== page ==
The new(ish) farm-to-table restaurant in historic downtown McMinnville celebrates the wonderful wines and seasonal bounty of the Willamette Valley.

On our winter tasting menu: Hazelnuts and Pork Belly, Whole Trout, Winter Braised Vegetables, as well as meatballs, burgers, and other dishes made with beef, chicken, and pork attentively raised and harvested on Tabula Rasa Farms in nearby Carlton, OR.

Farm products even make it into the restaurant’s version of Oreo cookies. Evidently, the recipe for the now-classic snack called for sweetened pork lard, an ingredient later replaced with hydrogenated cottonseed oil. The Humble Spirit chef has his own oreo cookie-like dessert (complete with milk for dipping) that puts sweetened pork lard from Tabula Rasa Farm hogs back into the mix.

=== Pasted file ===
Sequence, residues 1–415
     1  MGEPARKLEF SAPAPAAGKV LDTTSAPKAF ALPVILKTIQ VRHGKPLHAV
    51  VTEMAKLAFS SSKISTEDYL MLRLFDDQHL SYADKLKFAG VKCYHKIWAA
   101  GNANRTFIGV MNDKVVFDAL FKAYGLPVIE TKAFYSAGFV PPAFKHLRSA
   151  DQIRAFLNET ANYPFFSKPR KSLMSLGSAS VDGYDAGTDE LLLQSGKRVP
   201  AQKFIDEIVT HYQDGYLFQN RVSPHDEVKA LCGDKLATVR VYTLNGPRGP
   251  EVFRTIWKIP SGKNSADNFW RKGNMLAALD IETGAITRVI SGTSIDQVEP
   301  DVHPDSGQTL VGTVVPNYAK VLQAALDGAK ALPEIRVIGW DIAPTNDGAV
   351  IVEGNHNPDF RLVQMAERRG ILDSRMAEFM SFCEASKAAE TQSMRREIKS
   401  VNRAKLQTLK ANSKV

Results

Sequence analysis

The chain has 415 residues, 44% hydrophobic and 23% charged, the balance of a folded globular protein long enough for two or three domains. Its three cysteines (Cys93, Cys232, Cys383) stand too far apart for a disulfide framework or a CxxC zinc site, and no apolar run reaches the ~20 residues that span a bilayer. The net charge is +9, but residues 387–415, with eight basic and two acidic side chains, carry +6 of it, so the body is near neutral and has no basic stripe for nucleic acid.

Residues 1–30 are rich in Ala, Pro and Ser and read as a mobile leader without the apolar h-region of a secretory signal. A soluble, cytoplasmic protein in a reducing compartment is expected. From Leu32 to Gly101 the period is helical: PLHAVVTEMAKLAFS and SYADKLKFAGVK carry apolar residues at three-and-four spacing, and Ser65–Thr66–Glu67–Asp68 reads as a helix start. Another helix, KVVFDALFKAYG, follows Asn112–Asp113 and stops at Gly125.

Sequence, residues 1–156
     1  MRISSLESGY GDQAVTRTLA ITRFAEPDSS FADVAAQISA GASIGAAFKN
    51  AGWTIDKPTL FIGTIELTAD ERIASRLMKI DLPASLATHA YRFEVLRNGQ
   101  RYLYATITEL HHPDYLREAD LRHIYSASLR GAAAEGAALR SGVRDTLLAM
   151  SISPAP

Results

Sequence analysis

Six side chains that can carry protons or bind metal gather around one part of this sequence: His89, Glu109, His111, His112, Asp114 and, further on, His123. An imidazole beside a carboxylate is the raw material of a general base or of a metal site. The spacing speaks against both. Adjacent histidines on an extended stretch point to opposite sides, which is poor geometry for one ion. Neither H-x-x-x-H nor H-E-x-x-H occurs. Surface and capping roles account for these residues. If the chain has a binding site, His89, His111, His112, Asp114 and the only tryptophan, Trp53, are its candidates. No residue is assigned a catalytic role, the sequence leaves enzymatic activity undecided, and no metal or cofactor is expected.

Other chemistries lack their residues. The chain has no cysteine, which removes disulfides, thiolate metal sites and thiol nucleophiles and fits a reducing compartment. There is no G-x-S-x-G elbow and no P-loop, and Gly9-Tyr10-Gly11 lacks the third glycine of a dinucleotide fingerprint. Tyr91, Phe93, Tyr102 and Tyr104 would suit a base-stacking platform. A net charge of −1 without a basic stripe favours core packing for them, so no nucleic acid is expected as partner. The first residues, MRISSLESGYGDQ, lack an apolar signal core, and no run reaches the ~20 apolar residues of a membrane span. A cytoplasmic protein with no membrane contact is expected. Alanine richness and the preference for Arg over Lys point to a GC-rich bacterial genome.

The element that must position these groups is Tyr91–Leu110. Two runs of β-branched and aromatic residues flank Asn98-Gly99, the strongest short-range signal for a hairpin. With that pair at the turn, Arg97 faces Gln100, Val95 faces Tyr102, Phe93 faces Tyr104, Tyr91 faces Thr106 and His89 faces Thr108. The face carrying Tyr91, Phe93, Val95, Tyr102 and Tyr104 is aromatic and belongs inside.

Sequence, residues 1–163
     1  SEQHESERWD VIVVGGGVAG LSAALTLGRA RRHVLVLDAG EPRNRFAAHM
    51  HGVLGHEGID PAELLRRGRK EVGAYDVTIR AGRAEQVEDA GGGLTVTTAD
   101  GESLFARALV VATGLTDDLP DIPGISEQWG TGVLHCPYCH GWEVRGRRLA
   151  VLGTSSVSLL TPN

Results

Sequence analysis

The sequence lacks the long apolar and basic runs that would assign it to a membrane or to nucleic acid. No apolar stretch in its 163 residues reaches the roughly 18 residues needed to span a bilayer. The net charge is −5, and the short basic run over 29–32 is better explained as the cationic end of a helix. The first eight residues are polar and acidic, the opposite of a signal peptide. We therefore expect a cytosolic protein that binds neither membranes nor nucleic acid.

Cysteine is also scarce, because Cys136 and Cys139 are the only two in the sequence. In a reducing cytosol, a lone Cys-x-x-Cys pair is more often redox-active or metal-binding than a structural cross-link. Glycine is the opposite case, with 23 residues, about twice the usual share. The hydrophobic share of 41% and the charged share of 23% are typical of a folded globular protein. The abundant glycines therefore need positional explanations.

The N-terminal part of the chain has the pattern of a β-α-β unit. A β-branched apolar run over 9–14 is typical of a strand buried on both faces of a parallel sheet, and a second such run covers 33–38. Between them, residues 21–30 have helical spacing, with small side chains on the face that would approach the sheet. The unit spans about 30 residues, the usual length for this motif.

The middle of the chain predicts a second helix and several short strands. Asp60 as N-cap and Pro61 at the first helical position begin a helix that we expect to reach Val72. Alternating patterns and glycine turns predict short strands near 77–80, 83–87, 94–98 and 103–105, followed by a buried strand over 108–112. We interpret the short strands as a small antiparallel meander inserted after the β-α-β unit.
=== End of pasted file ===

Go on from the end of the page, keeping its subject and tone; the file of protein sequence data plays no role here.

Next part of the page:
Hotels That Embrace History With Wit and Charm. And Books

It’s a small town, but there’s plenty to do, see, and learn about in McMinnville and surrounding Yamhill County. There are oodles of wine-tasting rooms, plenty of charming restaurants, and a thriving art scene. And if you time it right, you can land in town during the annual UFO Fest, honoring a 1950 UFO sighting documented with some pretty believable photographs.

It’s impossible to take it all in during a quick visit. So we were delighted that our home for the night, the 36-room Atticus Hotel in historic downtown McMinnville, is filled with locally-made products, specially-commissioned artwork, lots of handmade furnishings, and Oregon-made products (including Pendleton bathrobes) at every turn.

We loved that each of the hotel’s 36 rooms has an antique door knocker, that guests are offered a complimentary glass of bubbly before they even check in, and that the front desk will make you an espresso drink any time of the day or night.